Marseille 1808 - Valmondois 1879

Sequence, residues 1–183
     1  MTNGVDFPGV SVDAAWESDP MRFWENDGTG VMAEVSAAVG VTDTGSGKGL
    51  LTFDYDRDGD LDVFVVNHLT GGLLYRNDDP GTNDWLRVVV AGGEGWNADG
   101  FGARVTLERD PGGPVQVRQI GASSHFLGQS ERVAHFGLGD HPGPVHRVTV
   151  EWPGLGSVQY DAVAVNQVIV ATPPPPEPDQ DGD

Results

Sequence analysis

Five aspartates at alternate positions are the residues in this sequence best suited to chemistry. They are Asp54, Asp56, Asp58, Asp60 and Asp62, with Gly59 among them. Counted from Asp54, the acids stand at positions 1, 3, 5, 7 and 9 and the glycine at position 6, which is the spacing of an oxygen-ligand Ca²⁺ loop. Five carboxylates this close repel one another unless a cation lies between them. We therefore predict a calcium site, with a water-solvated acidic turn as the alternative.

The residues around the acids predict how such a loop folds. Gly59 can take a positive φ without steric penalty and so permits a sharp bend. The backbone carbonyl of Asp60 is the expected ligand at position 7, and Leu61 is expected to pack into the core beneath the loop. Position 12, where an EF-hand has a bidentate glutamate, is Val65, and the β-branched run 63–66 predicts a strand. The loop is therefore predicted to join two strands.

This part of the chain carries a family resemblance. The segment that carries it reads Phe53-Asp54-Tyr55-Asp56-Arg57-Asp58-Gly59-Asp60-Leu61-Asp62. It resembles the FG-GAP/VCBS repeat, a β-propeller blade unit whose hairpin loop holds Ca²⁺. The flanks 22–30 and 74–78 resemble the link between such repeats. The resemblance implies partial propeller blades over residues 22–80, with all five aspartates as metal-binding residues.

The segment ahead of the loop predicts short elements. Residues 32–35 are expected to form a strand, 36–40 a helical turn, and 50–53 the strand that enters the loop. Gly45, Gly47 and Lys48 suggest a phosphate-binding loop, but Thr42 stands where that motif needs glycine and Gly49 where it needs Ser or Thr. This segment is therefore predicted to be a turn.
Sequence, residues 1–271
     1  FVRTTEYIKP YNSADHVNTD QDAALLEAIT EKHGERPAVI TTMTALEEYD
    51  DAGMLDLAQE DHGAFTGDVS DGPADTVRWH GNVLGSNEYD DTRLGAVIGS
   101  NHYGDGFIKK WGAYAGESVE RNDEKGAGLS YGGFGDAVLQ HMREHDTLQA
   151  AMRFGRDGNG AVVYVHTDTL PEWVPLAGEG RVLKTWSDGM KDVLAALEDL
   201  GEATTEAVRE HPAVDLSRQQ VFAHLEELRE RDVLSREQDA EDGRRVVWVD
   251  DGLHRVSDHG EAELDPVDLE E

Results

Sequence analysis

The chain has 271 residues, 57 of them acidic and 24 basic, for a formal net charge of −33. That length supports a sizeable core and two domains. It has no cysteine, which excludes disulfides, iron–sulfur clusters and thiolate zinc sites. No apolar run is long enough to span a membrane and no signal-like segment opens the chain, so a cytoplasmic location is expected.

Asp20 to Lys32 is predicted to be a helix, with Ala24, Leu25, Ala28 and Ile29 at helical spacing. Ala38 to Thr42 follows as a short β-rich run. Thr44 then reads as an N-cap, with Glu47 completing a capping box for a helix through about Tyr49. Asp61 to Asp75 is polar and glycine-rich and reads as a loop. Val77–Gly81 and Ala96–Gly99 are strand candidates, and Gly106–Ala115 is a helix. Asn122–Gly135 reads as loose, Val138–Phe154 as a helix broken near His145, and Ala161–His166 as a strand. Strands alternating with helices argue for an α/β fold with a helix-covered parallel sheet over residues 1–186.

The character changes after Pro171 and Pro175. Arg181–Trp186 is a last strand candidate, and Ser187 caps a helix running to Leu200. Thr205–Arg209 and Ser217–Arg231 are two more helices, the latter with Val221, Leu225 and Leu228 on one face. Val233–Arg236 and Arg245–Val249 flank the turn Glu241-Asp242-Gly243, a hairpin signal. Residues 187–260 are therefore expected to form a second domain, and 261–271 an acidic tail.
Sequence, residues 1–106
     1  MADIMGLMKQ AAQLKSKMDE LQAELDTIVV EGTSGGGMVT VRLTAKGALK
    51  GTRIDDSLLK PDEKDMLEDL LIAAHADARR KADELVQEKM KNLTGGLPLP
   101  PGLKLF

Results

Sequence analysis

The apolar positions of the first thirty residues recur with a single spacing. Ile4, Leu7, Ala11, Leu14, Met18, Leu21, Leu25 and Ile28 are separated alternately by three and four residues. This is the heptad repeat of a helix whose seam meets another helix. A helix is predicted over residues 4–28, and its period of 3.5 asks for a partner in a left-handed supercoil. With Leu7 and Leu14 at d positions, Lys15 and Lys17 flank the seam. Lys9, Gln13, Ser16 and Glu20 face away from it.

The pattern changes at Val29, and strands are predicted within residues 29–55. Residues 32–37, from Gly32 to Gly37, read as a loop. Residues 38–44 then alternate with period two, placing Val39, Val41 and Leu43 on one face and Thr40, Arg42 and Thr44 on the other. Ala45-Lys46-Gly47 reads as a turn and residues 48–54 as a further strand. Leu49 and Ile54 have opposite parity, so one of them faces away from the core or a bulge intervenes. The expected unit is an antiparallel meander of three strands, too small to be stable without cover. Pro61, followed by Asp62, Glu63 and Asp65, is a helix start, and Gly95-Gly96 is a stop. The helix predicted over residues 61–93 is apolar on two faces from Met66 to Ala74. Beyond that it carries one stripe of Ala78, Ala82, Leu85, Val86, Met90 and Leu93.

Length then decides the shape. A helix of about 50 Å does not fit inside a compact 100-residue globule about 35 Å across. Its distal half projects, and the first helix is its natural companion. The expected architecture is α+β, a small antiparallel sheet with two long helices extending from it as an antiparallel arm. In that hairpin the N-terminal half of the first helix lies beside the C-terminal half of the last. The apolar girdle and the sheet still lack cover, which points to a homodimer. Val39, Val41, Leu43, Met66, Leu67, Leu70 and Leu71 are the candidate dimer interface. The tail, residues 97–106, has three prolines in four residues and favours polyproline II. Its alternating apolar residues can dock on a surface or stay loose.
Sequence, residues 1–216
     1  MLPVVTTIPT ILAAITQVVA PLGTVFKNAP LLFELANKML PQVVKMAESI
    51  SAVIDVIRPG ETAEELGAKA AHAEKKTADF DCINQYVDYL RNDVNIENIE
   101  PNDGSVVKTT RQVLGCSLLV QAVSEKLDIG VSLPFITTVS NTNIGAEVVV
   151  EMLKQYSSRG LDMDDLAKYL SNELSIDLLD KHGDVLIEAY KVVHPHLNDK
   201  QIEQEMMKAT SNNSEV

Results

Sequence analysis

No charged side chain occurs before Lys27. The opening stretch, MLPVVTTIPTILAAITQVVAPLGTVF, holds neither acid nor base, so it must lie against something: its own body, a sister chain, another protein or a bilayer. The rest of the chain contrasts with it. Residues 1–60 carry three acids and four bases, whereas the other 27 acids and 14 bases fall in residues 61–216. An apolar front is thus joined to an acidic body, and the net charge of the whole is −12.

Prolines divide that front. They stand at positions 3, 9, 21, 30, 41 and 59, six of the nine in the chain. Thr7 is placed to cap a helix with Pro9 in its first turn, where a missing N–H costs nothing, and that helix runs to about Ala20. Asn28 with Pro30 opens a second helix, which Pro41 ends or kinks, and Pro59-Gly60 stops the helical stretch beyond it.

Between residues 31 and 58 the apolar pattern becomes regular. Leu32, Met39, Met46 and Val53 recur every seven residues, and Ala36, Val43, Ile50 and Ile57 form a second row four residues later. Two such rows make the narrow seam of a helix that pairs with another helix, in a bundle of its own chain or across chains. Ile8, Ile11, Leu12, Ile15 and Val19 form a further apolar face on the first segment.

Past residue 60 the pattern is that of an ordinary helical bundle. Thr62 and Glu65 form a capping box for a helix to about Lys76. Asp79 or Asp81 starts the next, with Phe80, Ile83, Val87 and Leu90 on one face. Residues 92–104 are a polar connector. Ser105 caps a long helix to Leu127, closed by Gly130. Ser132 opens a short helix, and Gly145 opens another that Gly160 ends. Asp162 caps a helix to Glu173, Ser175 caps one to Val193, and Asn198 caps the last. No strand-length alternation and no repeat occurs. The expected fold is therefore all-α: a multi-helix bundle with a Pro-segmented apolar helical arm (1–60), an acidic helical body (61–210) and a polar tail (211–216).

Born in Marseille but raised in Paris, Honoré Daumier was almost never to leave the city, and made its people the subject of much of his work. Although he attended life drawing classes at the Académie Suisse, he had little formal artistic training and was, for the most part, self-taught. He began his career as an illustrator and lithographer, providing images and political caricatures for newspapers and magazines such as La Silhouette, La Caricature and, most famously, Le Charivari. He soon established a formidable reputation as a caricaturist. Over the course of his life, Daumier produced over four thousand lithographs and some eight hundred drawings and watercolours. The drawings were mainly done during periods in his career – in the late 1840s and early 1850s, and again in the 1860s - when the artist’s time was not completely devoted to his commercial work as a lithographer. In the 1860s, for example, when he was temporarily laid off by Le Charivari, Daumier produced a number of highly finished and elaborate watercolours to be sold to collectors. As a draughtsman, Daumier tended to depict a handful of favourite themes, notably carnival performers, women and children, people on trains and in railway stations, and the law courts. Working in chalk, charcoal, watercolour, pen and ink and wash, he created both finished drawings and watercolours for sale, as well as sketches or studies and quick ‘notes’. As the critic Claude Roger-Marx wrote of the artist, ‘When Daumier drew to please himself and without thought of a purchaser, it was nearly always with the pen or with charcoal; sometimes with a Conté crayon, very seldom with a lead pencil. To an expansive genius, driven by the power of his imagination, charcoal gives the greatest scope, enabling him to pass in an instant from the most velvety black to silvery grey, to stress contrasting values, to make the most of the qualities of shimmering light which transform the charcoal powder into a modest form of pastel…The pen in Daumier’s inspired fingers was no less rapid: we may follow its course across the surface of the smooth laid paper which he used for choice. It runs lightly, leaving furrows as though seared by fire, and, like the charcoal, it never fails to achieve a miracle...’ Daumier’s drawings are very rarely dated and are often unsigned, and only a very few were exhibited in his lifetime.